In fact this composition has been underway well before the May 2014 general election which brought Modi to power. The entire Indian establishment, CII, FICCI, the electronic media, press – everybody was chatting up Rahul to stand in opposition to Modi. He was cajoled, paraded on the stage. Anchors implored him to debate Modi on live TV. As it is, Modi’s 2014 victory was because of the universal disgust with Sonia, Rahul and Manmohan Singh which was harvested by the world’s most expensive election campaign. BJP think tanks now divined that Modi will continue to look good so long as Rahul is projected as the alternative. And Mamata has quickly noticed it.

So, Rahul must remain in play to benefit Modi. Instead of admitting that Rahul is something of a non starter, his coterie keeps making excuses: his take off had been delayed because Rahul wanted to raise the party from scratch. He is teeming with ideas, says Motilal Vohra, Janardan Dwivedi, Ghulam Nabi Azad, Anand Sharma. Only, Ahmad Patel sees authority resident elsewhere: “let’s ask madame”. No one is willing to concede that Rahul simply doesn’t fizz.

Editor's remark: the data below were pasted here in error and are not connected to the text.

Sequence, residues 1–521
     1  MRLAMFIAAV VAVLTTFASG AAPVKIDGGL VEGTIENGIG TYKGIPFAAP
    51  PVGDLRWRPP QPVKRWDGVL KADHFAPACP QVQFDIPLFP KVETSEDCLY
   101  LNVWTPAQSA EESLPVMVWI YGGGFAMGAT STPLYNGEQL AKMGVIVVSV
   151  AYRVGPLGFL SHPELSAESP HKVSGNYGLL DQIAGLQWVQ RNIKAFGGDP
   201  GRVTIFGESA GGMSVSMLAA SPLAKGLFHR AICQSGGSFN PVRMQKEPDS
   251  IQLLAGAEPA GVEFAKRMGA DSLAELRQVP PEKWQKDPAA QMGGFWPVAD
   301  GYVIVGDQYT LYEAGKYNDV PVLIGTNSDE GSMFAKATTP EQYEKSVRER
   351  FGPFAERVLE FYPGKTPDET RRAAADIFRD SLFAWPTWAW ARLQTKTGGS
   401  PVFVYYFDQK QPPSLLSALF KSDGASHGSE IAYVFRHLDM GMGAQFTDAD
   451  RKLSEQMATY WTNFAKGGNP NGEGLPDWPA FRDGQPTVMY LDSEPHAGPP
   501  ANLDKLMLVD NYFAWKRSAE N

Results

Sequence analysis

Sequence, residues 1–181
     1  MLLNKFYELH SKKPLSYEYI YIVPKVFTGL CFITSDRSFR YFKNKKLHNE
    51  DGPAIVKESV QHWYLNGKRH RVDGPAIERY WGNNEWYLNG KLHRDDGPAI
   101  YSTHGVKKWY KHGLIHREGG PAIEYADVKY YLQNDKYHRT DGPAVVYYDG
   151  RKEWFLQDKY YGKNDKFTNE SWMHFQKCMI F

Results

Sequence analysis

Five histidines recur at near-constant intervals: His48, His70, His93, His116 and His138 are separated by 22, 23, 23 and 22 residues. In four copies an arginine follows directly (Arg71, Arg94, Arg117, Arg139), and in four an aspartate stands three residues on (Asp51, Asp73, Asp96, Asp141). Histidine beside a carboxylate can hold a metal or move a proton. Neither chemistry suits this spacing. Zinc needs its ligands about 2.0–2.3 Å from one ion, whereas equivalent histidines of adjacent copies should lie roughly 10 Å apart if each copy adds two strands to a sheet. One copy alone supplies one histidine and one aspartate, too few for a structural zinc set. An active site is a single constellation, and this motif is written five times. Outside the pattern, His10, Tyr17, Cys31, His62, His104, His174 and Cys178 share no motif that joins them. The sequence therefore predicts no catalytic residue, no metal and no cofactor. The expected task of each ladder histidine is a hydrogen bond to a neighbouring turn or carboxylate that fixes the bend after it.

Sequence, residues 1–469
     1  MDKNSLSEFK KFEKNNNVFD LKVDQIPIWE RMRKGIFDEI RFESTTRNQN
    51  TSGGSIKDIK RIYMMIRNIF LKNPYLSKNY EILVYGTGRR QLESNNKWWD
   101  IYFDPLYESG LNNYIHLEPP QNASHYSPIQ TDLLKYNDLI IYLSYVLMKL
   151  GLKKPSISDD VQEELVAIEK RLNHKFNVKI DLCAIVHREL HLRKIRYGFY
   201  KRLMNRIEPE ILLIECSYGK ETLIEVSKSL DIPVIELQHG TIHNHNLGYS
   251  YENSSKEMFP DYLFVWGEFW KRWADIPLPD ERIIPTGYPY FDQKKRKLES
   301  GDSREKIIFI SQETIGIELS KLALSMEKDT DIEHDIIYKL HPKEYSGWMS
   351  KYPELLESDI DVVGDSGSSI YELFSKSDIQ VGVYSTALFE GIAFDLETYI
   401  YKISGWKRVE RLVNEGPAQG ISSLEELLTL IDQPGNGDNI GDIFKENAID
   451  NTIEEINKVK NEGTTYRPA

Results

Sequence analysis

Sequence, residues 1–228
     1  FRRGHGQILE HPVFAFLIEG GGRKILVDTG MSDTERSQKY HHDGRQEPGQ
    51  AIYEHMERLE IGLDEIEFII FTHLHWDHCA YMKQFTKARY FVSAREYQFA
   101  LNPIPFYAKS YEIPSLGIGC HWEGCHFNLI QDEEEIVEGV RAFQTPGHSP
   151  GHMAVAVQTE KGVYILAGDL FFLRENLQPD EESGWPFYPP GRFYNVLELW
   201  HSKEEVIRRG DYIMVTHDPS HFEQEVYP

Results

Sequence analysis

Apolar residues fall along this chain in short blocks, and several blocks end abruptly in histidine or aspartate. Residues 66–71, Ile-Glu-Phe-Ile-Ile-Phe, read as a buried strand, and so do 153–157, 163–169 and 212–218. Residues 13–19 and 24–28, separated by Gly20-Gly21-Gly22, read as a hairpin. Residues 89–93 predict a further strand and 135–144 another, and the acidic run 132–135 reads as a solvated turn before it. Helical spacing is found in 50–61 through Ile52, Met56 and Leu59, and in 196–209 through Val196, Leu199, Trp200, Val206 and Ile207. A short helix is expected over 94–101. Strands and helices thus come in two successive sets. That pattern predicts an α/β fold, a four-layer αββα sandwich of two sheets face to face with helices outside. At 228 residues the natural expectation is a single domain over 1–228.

After P.V. Narasimha Rao brought the Congress tally down to 140 seats in 1996, Sitaram Kesri as Congress President raised it by one to 141, but the next year Sonia plummeted: 114 seats. Electorally, the mother and son combination has done the party no good.

So many of the party’s wounds are self inflicted. Take the tamasha in Assam. If Sonia Gandhi can dig her heals in for her son, who can blame 81 year old Chief Minister, Tarun Gogoi dream dreams for his son, Gaurav Gogoi? Why can’t he be the next Chief Minister. Himanta Biswa Sarma was to Gogoi what Amit Shah is to Modi. He was miffed at Gogoi’s brazen nepotism, ofcourse. But Rahul has had a role in driving Sarma away. Sarma describes a meeting with Rahul. “He is arrogant and likes to behave like a master with his servants.” It is universally acknowledged, an angry Sarma has brought down the Congress citadel in Assam.